The fainting goat disorder


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Vasovagal Syncope happens when someone’s body overreacts to certain triggers.

Bridget Nye, Staff Writer

Almost everyone has experienced the feeling of exhaustion to the point where they feel faint. For millions of Americans, this sensation is all too common for them. This condition is known to the world as Vasovagal Syncope (VS), according to John Hopkins, “Vasovagal Syncope occurs in one third of the population.” Symptoms can range from having shortness of breath to having to lay down to protect themselves. 

Some people have only fainted a few times in their lives. Usually it can be traced down to a specific reason and isn’t a symptom of ongoing health issues. For many, if they are out in the sun for too long they are more prone to blacking out than others. 

“I passed out becuase I overheated when I was at the Oklahoma State Fair,” freshman Aiden Marsh said. “It hasn’t happened since becuase I am now very careful when I stay outside for too long.”

For others, health issues contribute to them having a fainting episode. If they are in a position where their illness flares up, it might be difficult to prevent an attack. 

“I used to pass out during marching band rehearsals. It usually only happens twice a month and only when my asthma attacks are bad,” senior Abby Graham said. 

For people with VS, fainting is a normal part of their lives. VS is a heart condition that is caused from a drop in blood pressure that can result in the person passing out. This condition is the most common fainting disorder in the United States with each person having a different range of symptoms and triggers. 

“My main triggers are heat near my neck, an empty stomach, dehydration, locking my knees and stress.” sophomore Kate Clark said. 

VS episodes can be hard to predict, so people with this condition have learned to be on alert to sense when an episode is starting.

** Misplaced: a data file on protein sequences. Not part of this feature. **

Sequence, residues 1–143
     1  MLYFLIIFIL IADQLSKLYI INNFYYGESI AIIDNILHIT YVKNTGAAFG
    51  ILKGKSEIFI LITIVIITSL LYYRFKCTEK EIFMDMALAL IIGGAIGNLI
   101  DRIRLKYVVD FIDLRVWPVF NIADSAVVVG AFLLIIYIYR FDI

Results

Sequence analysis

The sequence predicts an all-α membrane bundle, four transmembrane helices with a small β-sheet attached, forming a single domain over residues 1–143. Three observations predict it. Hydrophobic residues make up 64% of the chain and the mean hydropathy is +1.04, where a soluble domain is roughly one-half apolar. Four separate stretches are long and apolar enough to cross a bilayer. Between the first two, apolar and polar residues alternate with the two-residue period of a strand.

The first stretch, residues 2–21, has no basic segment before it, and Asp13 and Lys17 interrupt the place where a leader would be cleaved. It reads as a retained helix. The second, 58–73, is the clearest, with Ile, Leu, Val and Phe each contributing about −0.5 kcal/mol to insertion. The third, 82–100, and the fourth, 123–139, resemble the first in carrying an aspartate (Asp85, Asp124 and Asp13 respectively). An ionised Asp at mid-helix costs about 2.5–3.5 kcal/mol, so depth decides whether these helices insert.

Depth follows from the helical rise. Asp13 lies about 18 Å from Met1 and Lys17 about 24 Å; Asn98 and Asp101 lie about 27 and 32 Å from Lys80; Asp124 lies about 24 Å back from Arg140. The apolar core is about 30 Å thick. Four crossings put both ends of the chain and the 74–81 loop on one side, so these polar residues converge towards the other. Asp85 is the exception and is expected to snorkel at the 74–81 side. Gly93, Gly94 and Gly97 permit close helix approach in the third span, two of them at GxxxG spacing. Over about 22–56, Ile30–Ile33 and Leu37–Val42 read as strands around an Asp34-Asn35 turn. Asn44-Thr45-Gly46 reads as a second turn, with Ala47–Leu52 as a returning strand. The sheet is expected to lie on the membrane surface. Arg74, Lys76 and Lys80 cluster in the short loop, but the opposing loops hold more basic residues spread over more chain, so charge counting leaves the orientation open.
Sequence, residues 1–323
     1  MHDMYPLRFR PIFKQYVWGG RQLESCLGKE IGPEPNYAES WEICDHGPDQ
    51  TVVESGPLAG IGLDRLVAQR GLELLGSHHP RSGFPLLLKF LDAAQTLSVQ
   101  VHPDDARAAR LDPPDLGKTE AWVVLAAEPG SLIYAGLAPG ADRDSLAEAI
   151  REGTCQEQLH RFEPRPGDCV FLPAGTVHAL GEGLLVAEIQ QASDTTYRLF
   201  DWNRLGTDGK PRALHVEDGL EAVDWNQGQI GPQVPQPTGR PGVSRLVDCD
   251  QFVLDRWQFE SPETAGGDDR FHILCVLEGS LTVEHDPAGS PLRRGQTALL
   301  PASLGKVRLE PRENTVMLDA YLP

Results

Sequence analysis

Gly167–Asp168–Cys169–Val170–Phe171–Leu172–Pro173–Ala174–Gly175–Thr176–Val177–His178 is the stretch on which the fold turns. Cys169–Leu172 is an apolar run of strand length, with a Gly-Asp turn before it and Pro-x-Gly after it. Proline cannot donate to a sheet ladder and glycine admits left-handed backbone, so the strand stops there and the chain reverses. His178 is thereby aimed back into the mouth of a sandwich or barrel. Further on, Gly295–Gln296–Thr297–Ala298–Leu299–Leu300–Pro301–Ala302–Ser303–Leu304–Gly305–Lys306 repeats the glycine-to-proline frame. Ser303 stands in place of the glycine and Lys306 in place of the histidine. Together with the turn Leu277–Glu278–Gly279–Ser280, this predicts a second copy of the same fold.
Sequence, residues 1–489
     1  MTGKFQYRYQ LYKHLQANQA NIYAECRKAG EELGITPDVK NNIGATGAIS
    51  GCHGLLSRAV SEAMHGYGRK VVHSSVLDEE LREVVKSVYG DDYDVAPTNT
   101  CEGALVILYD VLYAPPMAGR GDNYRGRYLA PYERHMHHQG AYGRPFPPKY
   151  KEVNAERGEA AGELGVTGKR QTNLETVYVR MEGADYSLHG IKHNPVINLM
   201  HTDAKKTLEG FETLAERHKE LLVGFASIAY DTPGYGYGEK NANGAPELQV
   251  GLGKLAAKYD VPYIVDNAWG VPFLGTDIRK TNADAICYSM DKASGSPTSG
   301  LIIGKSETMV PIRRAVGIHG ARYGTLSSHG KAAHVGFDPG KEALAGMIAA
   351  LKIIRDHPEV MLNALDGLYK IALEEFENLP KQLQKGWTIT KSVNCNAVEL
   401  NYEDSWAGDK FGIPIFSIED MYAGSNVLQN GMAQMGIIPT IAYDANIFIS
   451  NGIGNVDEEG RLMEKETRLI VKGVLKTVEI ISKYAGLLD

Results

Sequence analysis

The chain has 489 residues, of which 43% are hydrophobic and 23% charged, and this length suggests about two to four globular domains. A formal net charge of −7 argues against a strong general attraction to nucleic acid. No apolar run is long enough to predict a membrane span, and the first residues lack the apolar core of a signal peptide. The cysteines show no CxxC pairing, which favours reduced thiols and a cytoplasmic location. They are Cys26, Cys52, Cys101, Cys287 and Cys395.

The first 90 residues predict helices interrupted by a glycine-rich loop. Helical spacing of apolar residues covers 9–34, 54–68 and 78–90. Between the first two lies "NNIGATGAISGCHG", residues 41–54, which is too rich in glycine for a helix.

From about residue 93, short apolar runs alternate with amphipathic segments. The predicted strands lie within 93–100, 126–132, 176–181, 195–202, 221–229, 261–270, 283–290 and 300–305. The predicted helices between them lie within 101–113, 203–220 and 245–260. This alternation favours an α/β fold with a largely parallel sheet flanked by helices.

“Knowing what my triggers are helps me prevent it,” assistant principal Sally Stewart said. “I don’t take long showers because of the heat.”

When an attack occurs, the person needs to lie down and put their feet up in an elevated position. This makes them look like a fainting goat. This will cause the blood to flow back to their brain. When they regain consciousness, they need to remain laying down until all of the symptoms have stopped. 

“I sit for a little while until the spinning and the nausea subsides. I eat something sugary and drink a glass of water,” Clark said. 

A problem with having this disorder is that it can be hard to be taken seriously. Many people could dismiss them because they don’t realize the seriousness of the issue. It can lead to people having an attack and possibly hurting themselves becuase no one would listen. 

“When I was diagnosed, I fainted and hit my head and ended up with a concussion. I went to the emergency room and they told me I had VS. My daughter now calls me the fainting goat,” Stewart said. 

While having VS can be overwhelming, it doesn’t have to be the end of a person’s life. Knowing what triggers an attack, staying hydrated and eating enough salt can help prevent episodes from coming on.

 Talking to others is important for people with VS to learn that they aren’t alone. Connecting with others with this condition can help them realize that this isn’t the end. 

The fainting goats of the world would be glad to know they aren’t the only ones who go out like a light. 

Contact Bridget Nye at [email protected]